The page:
4 Min Read
* Improvement expected starting in H2
* Operating margin target of 8 pct achievable in 2014
* Sees higher truck sales, profits, market share in 2013
* Wants majority control of Kamaz, but not now
By Christiaan Hetzner
WOERTH, Germany, March 13 (Reuters) - Daimler's trucks business suffered a weak start to 2013 in Europe and the United States and new model launches are unlikely to boost its sales until the second half of the year, the company said on Wednesday.
European truckmakers are suffering heavily from the economic malaise in the euro zone since demand for their vehicles closely tracks the cross-border trade of goods.
Daimler expects its other main market of North America to contract by between 5 and 10 percent this year as customers wait for clearer policy signals out of Washington before investing.
"New orders in the United States were a bit better than we thought ... but the fiscal cliff has not been resolved and our customers are very sensitive to this," said Daimler Trucks chief Andreas Renschler.
The company will announce next week at an industry trade show in Louisville, Kentucky how many of a planned 1,300 assembly line jobs it will cut in the United States.
"It will be somewhat fewer, whether it's only a thousand we will have to see," Renschler said.
Daimler Trucks is the largest manufacturer of commercial vehicles in the world, selling 462,000 trucks last year including popular models like the heavy-duty Mercedes-Benz Actros and Freightliner Cascadia as well as the smaller Fuso Canter used mainly in Asia.
It has been unable to turn that size advantage into industry-leading profitability, Renschler said, adding that Daimler also lagged some of its rivals in taking care of customers after they bought a truck.
Renschler said his target of widening his unit's operating margin to 8 percent in 2013 from 5.5 percent last year had been delayed slightly.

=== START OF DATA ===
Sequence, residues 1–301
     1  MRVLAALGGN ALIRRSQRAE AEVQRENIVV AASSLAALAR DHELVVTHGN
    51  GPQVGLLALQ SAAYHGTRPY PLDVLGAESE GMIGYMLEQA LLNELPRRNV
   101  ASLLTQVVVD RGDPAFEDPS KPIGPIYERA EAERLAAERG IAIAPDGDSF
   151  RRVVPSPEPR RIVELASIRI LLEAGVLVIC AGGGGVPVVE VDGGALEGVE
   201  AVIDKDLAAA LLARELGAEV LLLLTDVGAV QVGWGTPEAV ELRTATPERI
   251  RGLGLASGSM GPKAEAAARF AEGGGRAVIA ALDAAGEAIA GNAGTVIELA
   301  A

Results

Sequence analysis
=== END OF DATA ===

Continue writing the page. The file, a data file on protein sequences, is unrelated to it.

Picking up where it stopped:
"It should be achievable in 2014 at the latest," he said.
He aims to save about 1.1 billion euros in costs and generate roughly 500 million in additional turnover by the end of 2014 to help it achieve the margin goal.
Registrations of new heavy-duty commercial trucks fell 9.4 percent in the European Union last year, including bigger drops in Italy and Spain.
Worse is expected in 2013, when Daimler Trucks expects the European market to contract by as much as 5 percent.
Swedish rival Volvo AB recently warned of a rough start to this year as factories ran at half-speed, while Volkswagen's premium truck brand Scania said it would reduce production by 15 percent in the first quarter and cut around 700 jobs.
However, Daimler believes new vehicles like the Antos distribution and Arocs construction trucks will help it boost vehicle sales, earnings and its share of all major markets this year.
It has also developed a strategy to address the specific needs of emerging market customers who care less about expensive emissions-reducing technology and creature comforts but don't want to sacrifice on western-style durability.
Alongside the nominal 6,000-odd premium Mercedes vehicles to be sold in China in 2013, Daimler's local joint venture BFDA has launched production of a tailor-made range of Auman branded trucks together with partner Beiqi Foton.
"We expect Auman will outperform China's truck market," Renschler said, adding he expected stimulus programmes in China should lead to market growth of 10-15 percent this year.
He dismissed comments from large Kamaz shareholder Rostec that talks to raise Daimler's 15 percent total stake in the Russian truckmaker were suspended due to price differences.
"We want to increase the stake and at some point in the future we want to have a majority, but not now," he said, calling Rostec's comments "sabre-rattling".
"The supplier base isn't there and the political environment is not that stable," said Renschler.